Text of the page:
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The Entertainer

Benedict Campbell gives a superb performance in the title role of the Shaw Festival's production of John Osborne's still-vivid drama. logo
Benedict Campbell and Ric Reid in The Entertainer
(© Emily Cooper)
Amid the endless family portraits that have surfaced in the theater, few have ever been painted with as many somber colors as those surfacing in John Osborne's acclaimed play The Entertainer, now being given a strong revival at the Shaw Festival.

Osborne's intrepid narrative reinforces the idea that showbiz types -- even the shabby sort -- are by no means the people on the inside that they appear to be on the outside. Fortunately, director Jackie Maxwell's sophisticated interpretation of the piece and the razor-sharp performances of the cast, led by Benedict Campbell, overcome the sometime arid material and keeps audiences fully engaged for three acts.

The quarrelsome drama opens with pragmatic daughter Jean (Krista Colosimo) returning home for a visit with her idle grandfather Billy (David Shurmann) on hand to greet her. Almost 20 minutes of dialogue ensues until her father, the fading vaudevillian Archie Rice (Campbell), finally walks through the door. And once he does, the household niceties are far and few between, especially when Archie's long-suffering wife, Phoebe (Corrine Koslo), is on hand.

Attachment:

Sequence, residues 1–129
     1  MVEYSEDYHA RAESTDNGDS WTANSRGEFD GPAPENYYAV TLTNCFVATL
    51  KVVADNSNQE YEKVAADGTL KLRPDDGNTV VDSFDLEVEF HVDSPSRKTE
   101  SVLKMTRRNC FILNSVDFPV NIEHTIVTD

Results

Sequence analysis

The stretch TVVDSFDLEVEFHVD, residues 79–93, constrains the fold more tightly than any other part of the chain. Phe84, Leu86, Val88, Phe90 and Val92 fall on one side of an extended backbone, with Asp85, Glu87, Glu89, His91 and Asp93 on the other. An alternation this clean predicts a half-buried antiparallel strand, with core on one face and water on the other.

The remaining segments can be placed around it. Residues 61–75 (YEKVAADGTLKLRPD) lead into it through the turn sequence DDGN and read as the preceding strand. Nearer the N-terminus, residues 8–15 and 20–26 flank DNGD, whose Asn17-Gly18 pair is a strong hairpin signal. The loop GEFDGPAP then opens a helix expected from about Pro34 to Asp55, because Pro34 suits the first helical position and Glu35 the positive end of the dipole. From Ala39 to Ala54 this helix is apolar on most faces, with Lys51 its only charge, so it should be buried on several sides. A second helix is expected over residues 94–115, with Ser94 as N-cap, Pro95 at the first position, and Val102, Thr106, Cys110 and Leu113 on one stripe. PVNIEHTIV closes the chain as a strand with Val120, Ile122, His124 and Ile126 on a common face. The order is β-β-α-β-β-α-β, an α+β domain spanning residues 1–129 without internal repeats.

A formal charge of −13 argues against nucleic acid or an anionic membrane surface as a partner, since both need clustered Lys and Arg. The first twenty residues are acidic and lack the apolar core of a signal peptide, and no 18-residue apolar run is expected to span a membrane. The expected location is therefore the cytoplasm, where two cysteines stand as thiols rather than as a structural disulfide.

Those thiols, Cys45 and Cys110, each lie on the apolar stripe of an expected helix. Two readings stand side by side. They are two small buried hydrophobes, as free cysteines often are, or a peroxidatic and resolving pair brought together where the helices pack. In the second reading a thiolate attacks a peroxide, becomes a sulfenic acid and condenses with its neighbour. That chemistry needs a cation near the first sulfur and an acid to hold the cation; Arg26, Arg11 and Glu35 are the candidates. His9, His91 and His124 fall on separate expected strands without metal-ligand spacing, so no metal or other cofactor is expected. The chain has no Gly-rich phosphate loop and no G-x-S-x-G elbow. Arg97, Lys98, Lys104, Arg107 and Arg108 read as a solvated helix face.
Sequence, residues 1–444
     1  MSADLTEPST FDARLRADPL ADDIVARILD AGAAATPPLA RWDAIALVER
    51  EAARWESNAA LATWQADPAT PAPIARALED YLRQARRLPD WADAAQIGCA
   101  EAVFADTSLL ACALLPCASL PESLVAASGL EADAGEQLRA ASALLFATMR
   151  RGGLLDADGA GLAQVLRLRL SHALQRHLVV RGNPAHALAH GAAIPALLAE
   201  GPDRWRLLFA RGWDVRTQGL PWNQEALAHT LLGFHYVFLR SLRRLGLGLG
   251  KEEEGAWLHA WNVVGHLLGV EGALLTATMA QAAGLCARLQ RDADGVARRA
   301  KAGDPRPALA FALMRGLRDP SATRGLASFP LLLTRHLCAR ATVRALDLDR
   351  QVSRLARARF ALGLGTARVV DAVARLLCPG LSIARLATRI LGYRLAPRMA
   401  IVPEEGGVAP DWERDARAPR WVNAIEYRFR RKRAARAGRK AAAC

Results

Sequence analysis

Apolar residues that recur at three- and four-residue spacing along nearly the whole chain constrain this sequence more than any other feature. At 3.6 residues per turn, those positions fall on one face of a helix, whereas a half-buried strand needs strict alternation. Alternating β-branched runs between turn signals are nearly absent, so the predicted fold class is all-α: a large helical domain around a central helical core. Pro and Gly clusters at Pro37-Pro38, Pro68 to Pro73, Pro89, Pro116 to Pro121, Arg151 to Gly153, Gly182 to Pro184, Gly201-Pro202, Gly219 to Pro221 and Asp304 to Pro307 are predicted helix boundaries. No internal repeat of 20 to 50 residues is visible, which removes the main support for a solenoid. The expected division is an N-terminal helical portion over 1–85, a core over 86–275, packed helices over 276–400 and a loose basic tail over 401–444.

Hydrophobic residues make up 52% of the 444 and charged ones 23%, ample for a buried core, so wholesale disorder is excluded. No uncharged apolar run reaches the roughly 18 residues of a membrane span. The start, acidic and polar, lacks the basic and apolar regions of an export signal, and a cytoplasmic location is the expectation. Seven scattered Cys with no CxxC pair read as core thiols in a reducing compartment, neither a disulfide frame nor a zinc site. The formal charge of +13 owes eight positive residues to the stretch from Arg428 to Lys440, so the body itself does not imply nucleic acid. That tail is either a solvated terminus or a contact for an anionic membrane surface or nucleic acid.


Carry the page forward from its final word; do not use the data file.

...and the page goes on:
Make no mistake: Despite its breezy-sounding title, relationship strains dominate the play. When not sipping spirits, the polarized characters heighten the air of conflict with brash exchanges. "We have problems that no one has ever heard of," defends Archie in his analysis of the family's peculiar status quo.

As Arrchie, Campbell is perfection. He not only works the room as if the part was written for him, but the actor's transformation from heartless family man to song-and-dance star illustrates Campbell's superb mastery of his craft. Meanwhile, Koslo earns streams of empathy as an emotionally discarded woman entangled in a loveless marriage.

Indeed, more than a half century after its debut, The Entertainer is still a vivid reminder of what failure and vanity can to do an already damaged soul.

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